Tuesday, January 27, 2009

New Town anno 1638

LOCATION CHOSEN IN 1630 TO BE THE CAPITAL OF THE MASSACHUSETTS
BAY COLONY SETTLED 1631 UNDER LEADERSHIP OF THOMAS DUDLEY
AND CALLED THE NEW TOWN.
THE COLLEGE ORDERED TO BE HERE, 1637.
NAME CHANGED TO CAMBRIDGE
AFTER THE ENGLISH UNIVERSITY
TOWN 1638.

You find this sign at Harvard Square on the corner of Massachusetts Avenue and Dunster street. It marks the first settlement of what was meant to be the capital of the new colony.

The leader of Massachusetts Bay Colony, Thomas Dudley was born into a powerful and noble family in 1576. The Sutton family were the barons of Dudley, and one of its first members was John Sutton III (1339-1370) married to Catherine de Stafford (1340-1361).

Thomas Dudley got his name from Dudley Castle that was built just after the Norman conquest in 1066, and taken over by one of his ancestors, John de Sutton in 1321.

Thomas Dudley became a puritan as a young boy, and traveled to the Americas in 1629 where he served as a deputy governor and governor of the Bay state. In fact it was here, just on Harvard Square, that the New Towne was located.

Thomas Dudley has many descendants in the United States. Among them are senator John Kerry, president Herbert Hoover, socialite Edie Sedgwick, actor Humphrey Bogart, playwright Tennessee Williams, and the actors Christopher Reeve and Bill Cosby.

What about the name of Dunster street? Well Henry Dunster (1609-1659) took over as leader of Harvard College after Nathaniel Eaton 1639. He, John Harvard, and Nathaniel Eaton were educated at Cambridge University, so it is not strange that they chose the new name of New Towne in 1637.

The first printing press of the Americas 1638

Harvard Square is packed with history. On the same house as the plaque above you find another that says:

HERE LIVED
STEPHEN DAYE
WHO SET UP NEAR BY
THE FIRST PRINTING PRESS
IN BRITISH AMERICA
1638


Stephen Daye was born in London 1594, and moved with his wife Rebecca, his children and servants to Massachusetts. He set up a printing press in reverend John Glovers house in 1638, thus being the first printer in the new world.

Houses of Nathaniel Eaton and Edward Goffe

NEAR THIS SPOT
AS INDICATED IN THE
STREET PAVEMENT
STOOD WHEN THE
COLLEGE WAS FOUNDED
TWO HOUSES
TO THE EAST
THE HOUSE OCCUPIED BY
NATHANIEL EATON
FIRST TEACHER
OF THE COLLEGE
1638-1639
WHILE THE COLLEGE HALL
WAS BUILDING
TO THE WEST
THE HOUSE OF
EDWARD GOFFE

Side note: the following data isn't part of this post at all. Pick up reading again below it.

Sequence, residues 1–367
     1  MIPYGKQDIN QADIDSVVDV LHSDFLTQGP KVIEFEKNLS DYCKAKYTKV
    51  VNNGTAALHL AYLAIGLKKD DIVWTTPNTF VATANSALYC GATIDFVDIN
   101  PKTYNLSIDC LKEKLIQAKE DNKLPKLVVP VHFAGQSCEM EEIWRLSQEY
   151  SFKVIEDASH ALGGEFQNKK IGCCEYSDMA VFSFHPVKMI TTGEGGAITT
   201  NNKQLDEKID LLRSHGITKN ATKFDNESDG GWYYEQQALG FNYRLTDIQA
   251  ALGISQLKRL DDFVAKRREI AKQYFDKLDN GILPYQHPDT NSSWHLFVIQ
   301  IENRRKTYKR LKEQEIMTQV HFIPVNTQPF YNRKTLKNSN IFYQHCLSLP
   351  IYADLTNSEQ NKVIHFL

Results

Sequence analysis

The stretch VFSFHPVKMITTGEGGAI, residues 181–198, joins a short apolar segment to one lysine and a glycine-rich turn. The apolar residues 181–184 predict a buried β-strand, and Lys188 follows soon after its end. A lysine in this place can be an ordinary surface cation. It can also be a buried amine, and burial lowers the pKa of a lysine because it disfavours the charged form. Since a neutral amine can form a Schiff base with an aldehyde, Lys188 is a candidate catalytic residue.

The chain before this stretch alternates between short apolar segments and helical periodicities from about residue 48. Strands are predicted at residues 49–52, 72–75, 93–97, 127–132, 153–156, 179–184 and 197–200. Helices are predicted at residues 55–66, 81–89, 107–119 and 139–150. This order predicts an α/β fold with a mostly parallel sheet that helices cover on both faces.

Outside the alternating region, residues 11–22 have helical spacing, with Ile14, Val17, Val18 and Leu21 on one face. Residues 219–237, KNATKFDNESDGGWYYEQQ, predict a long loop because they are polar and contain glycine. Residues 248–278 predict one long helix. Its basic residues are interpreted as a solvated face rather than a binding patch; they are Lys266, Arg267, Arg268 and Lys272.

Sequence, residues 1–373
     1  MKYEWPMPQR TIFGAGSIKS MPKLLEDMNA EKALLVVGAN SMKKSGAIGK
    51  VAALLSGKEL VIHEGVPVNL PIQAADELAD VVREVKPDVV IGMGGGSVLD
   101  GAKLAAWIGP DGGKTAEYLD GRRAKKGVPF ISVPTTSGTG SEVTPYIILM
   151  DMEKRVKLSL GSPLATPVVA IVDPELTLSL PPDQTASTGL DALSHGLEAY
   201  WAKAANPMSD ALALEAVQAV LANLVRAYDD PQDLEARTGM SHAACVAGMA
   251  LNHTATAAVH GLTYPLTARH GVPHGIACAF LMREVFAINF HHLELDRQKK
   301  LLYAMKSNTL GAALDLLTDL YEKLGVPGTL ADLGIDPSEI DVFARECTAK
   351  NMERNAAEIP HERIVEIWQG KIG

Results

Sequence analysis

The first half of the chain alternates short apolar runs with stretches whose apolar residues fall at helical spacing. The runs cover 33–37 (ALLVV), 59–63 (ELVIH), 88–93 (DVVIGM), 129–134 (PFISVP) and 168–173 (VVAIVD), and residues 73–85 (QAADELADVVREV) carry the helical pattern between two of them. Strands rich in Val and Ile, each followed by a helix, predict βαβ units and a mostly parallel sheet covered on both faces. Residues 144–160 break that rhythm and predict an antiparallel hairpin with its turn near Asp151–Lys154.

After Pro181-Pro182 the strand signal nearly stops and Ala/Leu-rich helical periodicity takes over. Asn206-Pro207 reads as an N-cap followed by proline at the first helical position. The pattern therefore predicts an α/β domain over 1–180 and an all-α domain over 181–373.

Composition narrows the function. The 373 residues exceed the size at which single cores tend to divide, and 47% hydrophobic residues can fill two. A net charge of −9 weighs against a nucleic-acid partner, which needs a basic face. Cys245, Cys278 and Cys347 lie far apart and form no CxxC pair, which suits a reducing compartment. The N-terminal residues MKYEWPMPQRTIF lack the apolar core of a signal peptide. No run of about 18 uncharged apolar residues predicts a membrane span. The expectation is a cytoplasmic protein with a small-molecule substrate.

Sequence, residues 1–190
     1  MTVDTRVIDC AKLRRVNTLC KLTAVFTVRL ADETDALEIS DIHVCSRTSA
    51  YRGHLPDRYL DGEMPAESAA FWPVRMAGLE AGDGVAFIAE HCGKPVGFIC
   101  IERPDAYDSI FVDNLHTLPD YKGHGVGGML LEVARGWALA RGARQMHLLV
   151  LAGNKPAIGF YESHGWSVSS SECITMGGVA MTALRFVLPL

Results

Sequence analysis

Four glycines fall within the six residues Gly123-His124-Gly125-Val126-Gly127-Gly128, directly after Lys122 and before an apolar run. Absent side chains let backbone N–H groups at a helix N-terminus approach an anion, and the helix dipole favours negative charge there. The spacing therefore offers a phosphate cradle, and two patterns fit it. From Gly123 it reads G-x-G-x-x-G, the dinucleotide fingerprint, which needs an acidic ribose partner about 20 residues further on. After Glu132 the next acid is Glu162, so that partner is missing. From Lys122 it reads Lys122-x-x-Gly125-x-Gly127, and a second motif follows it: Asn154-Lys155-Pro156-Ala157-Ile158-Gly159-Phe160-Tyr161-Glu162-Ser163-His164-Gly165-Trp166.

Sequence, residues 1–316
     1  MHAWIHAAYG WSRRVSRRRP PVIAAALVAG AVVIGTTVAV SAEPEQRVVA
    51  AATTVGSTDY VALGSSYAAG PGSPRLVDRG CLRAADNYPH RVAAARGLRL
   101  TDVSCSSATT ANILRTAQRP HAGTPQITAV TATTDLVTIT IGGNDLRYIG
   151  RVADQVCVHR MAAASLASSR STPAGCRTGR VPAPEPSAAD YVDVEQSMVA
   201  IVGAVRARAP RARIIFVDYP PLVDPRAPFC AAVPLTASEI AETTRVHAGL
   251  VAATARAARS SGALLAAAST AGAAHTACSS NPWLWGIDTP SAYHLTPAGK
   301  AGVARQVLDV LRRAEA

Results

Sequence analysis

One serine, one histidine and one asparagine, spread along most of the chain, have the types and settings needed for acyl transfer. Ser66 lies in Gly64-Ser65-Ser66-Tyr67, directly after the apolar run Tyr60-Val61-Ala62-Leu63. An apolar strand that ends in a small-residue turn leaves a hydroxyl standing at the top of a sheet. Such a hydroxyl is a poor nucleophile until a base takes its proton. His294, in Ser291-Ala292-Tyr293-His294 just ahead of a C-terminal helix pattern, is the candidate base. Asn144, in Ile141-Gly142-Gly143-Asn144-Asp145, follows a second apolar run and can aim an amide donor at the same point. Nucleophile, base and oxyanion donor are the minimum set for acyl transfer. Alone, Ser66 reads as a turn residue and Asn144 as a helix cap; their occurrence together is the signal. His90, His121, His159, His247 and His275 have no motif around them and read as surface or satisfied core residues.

ACQUIRED BY THE COLLEGE
BEFORE 1654
USED AS A DORMITORY
AND KNOWN AS
GOFFE'S COLLEGE

This sign is found on one of the gates to Harvard Yard from Massachusetts Avenue. It marks the spot of two houses that once were found here. One belonged to the first school master at Harvard Nathaniel Eaton, the second belonged to one Edward Goffe. We know much about the first, and less of the second.

Eaton was born 1610 in London, and was educated at Westminster School, a prestigious independent school founded in the 12th century located by Westminster Abbey. He met his good friend John Harvard at Trinity College in Cambridge, before leaving to study at University of Leiden.

He left for the new world between 1634 and 1637, and became the first school master. During these years there were serious tensions between the puritan community, lead by John Winthrop and many of the colonists. This effected Nathaniel Eaton severely. He was dismissed from his job 1639, as he was accused of having punished one of the pupils too harshly, and his wife was supposed to have served Hasty Pudding with goats dung in it (!).

He fled to Virginia and sent for his wife and children, but they disappeared on the boat that were to bring them south. Eaton remarried, and returned to England and ended in 1669 up as rector in Bideford in Devon. He died four years later.

The other house belonged to one Edward Goffe and was acquired by Harvard College in 1654. It was later used as a dormitory and kept the name of its former owner. He was born 1594, in Ipswich, England.

Edward Goffe was a resident of Cambridge and owned land here and in nearby Watertown. He married his first wife, Joyce Cutter in England 1624. She died in 1638 having given birth to two sons and one daughter. He married his second wife, Margaret Wilkinson in 1638 / 1639. They had two sons and two daughters.

No comments: